Siwa... the Sacred Oasis

Siwa... the Sacred Oasis

After arriving in Cairo, moving to Alexandria and getting ready to travel to Siwa oasis in the heart of Egypt's western desert near the Libyan border, I put pictures, books and maps aside and studied the satellite image of the 600-km road from Alexandria. The Google website made me come nearer to the outlying oasis, to my great astonishment. That dark green spot, like a tame bird, lies on a golden nest called the great sea of sand. It also amazingly stands west of Qatarra Depression, which looks like a huge hole hollowed out in the heart of the desert by a giant hand. The first question was: How did ancient and modern history makers reach that spot? But the burning questing was: How did such unique life continue for thousands of years in that remote place? Still, the more burning question was: What is left of the lives which Siwa witnessed over the ages?

We took the north road along the Mediterranean coast between Alexandria and Marsa Matruh which is lined with scores of holiday villages, some of which are finished, but the majority still under construction, and many are nothing but fences and sings and plans of projects. We then went south along a road which looked like a thick line on sand which is indistinguishable except for road sings. Even vague, intriguing geography, which looks like a blank carpet, is only identified at check or traffic points.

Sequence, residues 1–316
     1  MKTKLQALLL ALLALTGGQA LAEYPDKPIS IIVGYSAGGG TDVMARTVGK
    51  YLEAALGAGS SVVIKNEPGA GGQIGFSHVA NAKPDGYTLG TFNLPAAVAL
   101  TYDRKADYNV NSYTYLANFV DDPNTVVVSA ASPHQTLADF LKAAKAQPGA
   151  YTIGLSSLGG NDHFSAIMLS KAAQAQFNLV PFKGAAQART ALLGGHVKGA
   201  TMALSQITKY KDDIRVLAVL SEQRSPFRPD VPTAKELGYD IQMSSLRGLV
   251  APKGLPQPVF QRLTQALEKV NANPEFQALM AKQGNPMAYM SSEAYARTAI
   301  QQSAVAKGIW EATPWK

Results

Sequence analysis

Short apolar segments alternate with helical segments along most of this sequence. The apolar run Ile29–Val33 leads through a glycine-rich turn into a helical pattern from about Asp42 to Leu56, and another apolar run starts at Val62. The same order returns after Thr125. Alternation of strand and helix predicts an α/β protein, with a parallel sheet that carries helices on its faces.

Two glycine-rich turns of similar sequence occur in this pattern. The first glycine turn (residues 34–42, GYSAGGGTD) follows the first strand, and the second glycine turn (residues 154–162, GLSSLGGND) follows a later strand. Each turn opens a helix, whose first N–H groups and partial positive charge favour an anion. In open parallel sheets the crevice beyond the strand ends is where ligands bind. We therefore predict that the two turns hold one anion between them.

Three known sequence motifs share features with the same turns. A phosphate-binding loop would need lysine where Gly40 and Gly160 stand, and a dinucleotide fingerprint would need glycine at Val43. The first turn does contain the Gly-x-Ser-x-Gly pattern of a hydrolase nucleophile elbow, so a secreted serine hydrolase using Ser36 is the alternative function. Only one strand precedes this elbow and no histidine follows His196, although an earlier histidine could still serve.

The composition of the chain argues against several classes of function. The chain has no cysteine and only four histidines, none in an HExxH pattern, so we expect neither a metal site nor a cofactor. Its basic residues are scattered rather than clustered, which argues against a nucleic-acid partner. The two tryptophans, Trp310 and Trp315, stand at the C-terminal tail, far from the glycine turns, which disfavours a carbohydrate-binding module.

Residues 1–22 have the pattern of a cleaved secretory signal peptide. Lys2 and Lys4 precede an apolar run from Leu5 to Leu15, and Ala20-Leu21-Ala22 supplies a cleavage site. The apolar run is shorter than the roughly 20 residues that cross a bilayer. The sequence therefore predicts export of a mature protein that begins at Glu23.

Moving from the Nile to the desert, from plants to barrenness, is extremely difficult and different. That's why Egypt's history had never witnessed migrations from the valley to the desert. Even the countless new towns, resorts residential blocks and concrete buildings stretching on the road are dull. Moving means changing one's lifestyle, something unknown to the Egyptians at all. The oases therefore remained isolated, its people moving to the valley, but not the other way round, with just a few exceptions to the rule. For this reason, the desert was discovered only during the last two centuries. Even when the Arabs entered Egypt they did not come through the desert but followed the coastal dusty tracks. There are many stories and legends about armies which perished in the desert and its wild beasts.